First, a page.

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Court to hear appeal of only 'enemy combatant' held in U.S.

  • Story Highlights
  • Supreme Court agrees to hear case of Ali Saleh Kahlah al-Marri
  • Al-Marri was arrested shortly after September 11 attacks
  • At issue is whether a person arrested in the U.S. can face military justice
  • Change of administration could complicate case
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By Bill Mears
CNN Supreme Court Producer
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WASHINGTON (CNN) -- The Supreme Court will again look at a key component of the government's anti-terror strategy, agreeing Friday to hear the appeal of the only "enemy combatant" held in the United States.

Ali Saleh Kahlah al-Marri was a student at Bradley University in Illinois when he was arrested in 2001.

Ali Saleh Kahlah al-Marri was a student at Bradley University in Illinois when he was arrested in 2001.

Ali Saleh Kahlah al-Marri, a Qatar native, has been in U.S. custody for seven years, but his status remains in legal limbo. He is accused of, but has never been charged with, being an al Qaeda "sleeper agent."

Since his initial arrest on credit card fraud charges in December 2001, al-Marri -- a 43-year-old resident alien -- has remained in "virtual isolation in the brig," his attorneys said. They are suing the government to improve his jail conditions and are challenging the constitutionality of his detention.

Oral arguments in the case probably will be held in February or March.

The case could pose an unusual legal dilemma for the high court and the current and incoming administrations.

President Bush ordered al-Marri confined in military custody, and the Justice Department has been filing appeals opposing al-Marri's legal claims.

But the high court would hear the case in the early days of Barack Obama's administration, and his lawyers probably would be the ones to argue it. Whether Obama would change al-Marri's status and the government's entire legal position remains to be seen.

At issue is whether the Authorization for Use of Military Force -- passed by Congress after the September 11, 2001, attacks -- gives the president the power to order the indefinite military detention of an accused terrorist seized on domestic soil.

Al-Marri arrived in the United States the day before the 2001 terrorist attacks, as a computer science graduate student at Bradley University in Peoria, Illinois. He had earned an undergraduate degree there a decade earlier.

Weeks later, he was arrested after authorities found in his home hundreds of credit card numbers belonging to others.

At an early court hearing, a prosecutor said al-Marri was believed to be an associate of al Qaeda, the Islamic terrorist group responsible for the 9/11 attacks. The case against al-Marri escalated when investigators further examined his computer and interrogated al Qaeda detainees, the government says.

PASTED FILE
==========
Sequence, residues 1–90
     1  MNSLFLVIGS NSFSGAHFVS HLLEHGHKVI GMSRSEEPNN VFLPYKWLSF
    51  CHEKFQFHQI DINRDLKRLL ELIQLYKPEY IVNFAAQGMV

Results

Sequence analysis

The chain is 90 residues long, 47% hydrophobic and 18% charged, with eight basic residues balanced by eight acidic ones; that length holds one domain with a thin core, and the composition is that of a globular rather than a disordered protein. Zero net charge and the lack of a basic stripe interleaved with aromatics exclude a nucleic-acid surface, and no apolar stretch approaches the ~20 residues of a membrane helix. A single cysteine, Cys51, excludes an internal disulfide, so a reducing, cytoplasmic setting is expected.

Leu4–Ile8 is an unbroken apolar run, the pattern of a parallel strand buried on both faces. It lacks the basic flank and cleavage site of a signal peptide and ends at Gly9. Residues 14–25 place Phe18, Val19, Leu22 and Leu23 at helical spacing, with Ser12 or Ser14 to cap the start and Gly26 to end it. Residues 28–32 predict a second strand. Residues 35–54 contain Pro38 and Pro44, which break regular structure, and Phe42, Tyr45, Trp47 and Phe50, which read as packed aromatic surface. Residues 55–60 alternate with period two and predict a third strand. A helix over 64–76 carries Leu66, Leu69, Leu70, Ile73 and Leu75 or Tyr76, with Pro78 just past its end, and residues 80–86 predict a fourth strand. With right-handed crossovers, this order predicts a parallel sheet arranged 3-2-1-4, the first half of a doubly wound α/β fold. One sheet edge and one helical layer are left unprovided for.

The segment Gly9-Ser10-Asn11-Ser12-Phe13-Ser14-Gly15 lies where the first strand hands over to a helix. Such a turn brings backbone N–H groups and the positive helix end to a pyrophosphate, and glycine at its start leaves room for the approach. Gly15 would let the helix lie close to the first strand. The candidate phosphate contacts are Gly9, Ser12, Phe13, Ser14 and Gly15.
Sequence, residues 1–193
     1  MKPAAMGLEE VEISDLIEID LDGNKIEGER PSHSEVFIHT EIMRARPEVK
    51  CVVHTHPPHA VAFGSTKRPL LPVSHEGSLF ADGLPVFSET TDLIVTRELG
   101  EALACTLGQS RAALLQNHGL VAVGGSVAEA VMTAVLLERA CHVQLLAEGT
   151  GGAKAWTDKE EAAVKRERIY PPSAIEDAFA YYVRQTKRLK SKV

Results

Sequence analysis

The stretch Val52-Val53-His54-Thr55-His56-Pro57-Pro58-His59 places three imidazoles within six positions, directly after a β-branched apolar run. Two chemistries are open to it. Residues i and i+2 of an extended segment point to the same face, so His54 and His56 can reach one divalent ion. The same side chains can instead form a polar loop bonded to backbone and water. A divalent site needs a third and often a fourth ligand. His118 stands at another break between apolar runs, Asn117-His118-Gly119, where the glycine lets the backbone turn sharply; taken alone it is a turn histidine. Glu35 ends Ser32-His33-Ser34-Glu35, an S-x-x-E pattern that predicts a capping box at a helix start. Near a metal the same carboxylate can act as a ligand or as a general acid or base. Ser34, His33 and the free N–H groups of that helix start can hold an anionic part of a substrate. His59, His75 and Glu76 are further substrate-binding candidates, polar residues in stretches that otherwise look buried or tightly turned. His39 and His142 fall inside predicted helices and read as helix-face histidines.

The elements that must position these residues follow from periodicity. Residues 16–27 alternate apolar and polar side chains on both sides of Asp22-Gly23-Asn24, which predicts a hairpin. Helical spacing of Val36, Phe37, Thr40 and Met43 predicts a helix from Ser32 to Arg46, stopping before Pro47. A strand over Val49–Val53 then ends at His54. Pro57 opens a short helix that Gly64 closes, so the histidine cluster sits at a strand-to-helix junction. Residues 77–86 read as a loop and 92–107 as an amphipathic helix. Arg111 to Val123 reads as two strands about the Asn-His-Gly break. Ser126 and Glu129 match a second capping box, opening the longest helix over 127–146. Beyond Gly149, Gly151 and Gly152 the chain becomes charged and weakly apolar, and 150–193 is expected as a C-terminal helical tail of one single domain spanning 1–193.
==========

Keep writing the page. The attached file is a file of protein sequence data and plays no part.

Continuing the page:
Although al-Marri was never charged with terrorism-related offenses, Bush in June 2003 issued a formal declaration naming him an "enemy combatant" and transferring him to military custody. That move sent him out of the normal criminal justice system and into indefinite military detention.

The declaration alleges al-Marri engaged in "hostile and warlike acts" working as an "al Qaeda sleeper agent" who was planning to "hack into the computer systems of U.S. banks" for a possible follow-up to the 9/11 attacks.

The Pentagon says he had trained at a terror camp in Afghanistan, met al Qaeda leaders Osama bin Laden and Khalid Sheikh Mohammed, and "volunteered for a martyr mission," according to the government's filing with the high court.

He remains at the Navy brig in North Charleston, South Carolina, where his lawyers complain he is kept in a 9-by-6-foot cell and allowed little contact with the outside world. They say he has been allowed only two phone calls with his family, both earlier this year.

Military officials deny any mistreatment.

A federal appeals court in July issued a divided ruling on al-Marri's constitutional claims. The panel, in a 5-4 vote, said the administration has the authority to detain suspected enemy combatants in the United States, but has to give them an adequate chance to challenge their continued imprisonment. The judges said that in this case, al-Marri had been denied due process.

In their appeal, al-Marri's lawyers urged the high court to act quickly.

"A ruling by this court that such a detention is unlawful would put an immediate end to this action, avoid what may be years more of extensive district court and appellate proceedings, and still allow the government the option of pursuing a criminal prosecution," said lead attorney Jonathan Hafetz.

The Justice Department has said it would be premature for the Supreme Court to intervene, suggesting the case be thrown back to a federal judge again for further review of al-Marri's legal claims.

The case is al-Marri v. Pucciarelli (08-368).

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